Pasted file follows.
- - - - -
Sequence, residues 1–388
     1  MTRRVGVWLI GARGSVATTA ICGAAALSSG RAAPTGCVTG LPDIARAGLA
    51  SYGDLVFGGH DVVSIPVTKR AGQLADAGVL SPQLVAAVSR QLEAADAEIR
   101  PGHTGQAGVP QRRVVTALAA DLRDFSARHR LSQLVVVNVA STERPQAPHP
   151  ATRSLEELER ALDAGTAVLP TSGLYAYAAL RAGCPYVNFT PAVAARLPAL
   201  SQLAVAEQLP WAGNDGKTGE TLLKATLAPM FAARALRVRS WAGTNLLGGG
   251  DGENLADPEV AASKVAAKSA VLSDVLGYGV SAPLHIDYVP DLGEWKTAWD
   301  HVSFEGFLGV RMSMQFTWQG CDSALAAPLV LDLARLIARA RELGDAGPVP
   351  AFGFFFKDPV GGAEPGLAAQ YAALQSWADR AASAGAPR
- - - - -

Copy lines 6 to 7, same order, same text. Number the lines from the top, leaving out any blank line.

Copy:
   201  SQLAVAEQLP WAGNDGKTGE TLLKATLAPM FAARALRVRS WAGTNLLGGG
   251  DGENLADPEV AASKVAAKSA VLSDVLGYGV SAPLHIDYVP DLGEWKTAWD